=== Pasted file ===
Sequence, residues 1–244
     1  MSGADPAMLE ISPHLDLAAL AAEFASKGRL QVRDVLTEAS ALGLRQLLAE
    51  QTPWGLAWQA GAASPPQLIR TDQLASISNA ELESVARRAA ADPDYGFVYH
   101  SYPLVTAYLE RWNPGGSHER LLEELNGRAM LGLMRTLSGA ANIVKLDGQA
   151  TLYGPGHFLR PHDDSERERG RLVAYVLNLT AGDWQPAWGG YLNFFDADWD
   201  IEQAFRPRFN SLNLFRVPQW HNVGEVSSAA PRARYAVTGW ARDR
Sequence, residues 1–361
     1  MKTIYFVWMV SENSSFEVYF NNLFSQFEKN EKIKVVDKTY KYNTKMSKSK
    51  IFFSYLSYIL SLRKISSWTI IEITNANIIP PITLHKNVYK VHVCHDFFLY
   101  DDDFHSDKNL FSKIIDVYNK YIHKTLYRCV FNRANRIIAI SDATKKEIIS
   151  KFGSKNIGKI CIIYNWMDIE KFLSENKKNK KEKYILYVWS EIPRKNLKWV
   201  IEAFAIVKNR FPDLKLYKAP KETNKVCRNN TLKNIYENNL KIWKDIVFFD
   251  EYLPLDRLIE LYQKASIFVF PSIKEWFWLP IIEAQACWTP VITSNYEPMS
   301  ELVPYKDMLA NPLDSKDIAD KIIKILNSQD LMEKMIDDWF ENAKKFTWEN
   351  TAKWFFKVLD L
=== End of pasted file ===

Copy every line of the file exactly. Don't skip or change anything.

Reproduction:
Sequence, residues 1–244
     1  MSGADPAMLE ISPHLDLAAL AAEFASKGRL QVRDVLTEAS ALGLRQLLAE
    51  QTPWGLAWQA GAASPPQLIR TDQLASISNA ELESVARRAA ADPDYGFVYH
   101  SYPLVTAYLE RWNPGGSHER LLEELNGRAM LGLMRTLSGA ANIVKLDGQA
   151  TLYGPGHFLR PHDDSERERG RLVAYVLNLT AGDWQPAWGG YLNFFDADWD
   201  IEQAFRPRFN SLNLFRVPQW HNVGEVSSAA PRARYAVTGW ARDR
Sequence, residues 1–361
     1  MKTIYFVWMV SENSSFEVYF NNLFSQFEKN EKIKVVDKTY KYNTKMSKSK
    51  IFFSYLSYIL SLRKISSWTI IEITNANIIP PITLHKNVYK VHVCHDFFLY
   101  DDDFHSDKNL FSKIIDVYNK YIHKTLYRCV FNRANRIIAI SDATKKEIIS
   151  KFGSKNIGKI CIIYNWMDIE KFLSENKKNK KEKYILYVWS EIPRKNLKWV
   201  IEAFAIVKNR FPDLKLYKAP KETNKVCRNN TLKNIYENNL KIWKDIVFFD
   251  EYLPLDRLIE LYQKASIFVF PSIKEWFWLP IIEAQACWTP VITSNYEPMS
   301  ELVPYKDMLA NPLDSKDIAD KIIKILNSQD LMEKMIDDWF ENAKKFTWEN
   351  TAKWFFKVLD L